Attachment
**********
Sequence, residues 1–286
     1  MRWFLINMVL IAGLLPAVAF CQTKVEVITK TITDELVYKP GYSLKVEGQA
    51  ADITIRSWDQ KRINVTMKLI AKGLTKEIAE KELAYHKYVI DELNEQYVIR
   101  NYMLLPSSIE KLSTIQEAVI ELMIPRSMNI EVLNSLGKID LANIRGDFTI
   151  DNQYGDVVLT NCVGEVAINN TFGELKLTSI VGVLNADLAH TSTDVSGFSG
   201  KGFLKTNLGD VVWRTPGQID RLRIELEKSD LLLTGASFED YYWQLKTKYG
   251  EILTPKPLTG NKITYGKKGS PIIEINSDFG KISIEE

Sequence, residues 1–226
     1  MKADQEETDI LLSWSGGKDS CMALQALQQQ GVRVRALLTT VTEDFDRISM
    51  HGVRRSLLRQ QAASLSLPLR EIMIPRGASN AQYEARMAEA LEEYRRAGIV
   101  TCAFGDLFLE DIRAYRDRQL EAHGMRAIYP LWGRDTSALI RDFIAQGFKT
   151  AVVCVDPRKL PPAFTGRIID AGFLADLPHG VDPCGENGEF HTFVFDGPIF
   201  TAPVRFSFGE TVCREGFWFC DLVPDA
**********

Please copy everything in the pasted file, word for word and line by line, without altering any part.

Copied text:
Sequence, residues 1–286
     1  MRWFLINMVL IAGLLPAVAF CQTKVEVITK TITDELVYKP GYSLKVEGQA
    51  ADITIRSWDQ KRINVTMKLI AKGLTKEIAE KELAYHKYVI DELNEQYVIR
   101  NYMLLPSSIE KLSTIQEAVI ELMIPRSMNI EVLNSLGKID LANIRGDFTI
   151  DNQYGDVVLT NCVGEVAINN TFGELKLTSI VGVLNADLAH TSTDVSGFSG
   201  KGFLKTNLGD VVWRTPGQID RLRIELEKSD LLLTGASFED YYWQLKTKYG
   251  EILTPKPLTG NKITYGKKGS PIIEINSDFG KISIEE

Sequence, residues 1–226
     1  MKADQEETDI LLSWSGGKDS CMALQALQQQ GVRVRALLTT VTEDFDRISM
    51  HGVRRSLLRQ QAASLSLPLR EIMIPRGASN AQYEARMAEA LEEYRRAGIV
   101  TCAFGDLFLE DIRAYRDRQL EAHGMRAIYP LWGRDTSALI RDFIAQGFKT
   151  AVVCVDPRKL PPAFTGRIID AGFLADLPHG VDPCGENGEF HTFVFDGPIF
   201  TAPVRFSFGE TVCREGFWFC DLVPDA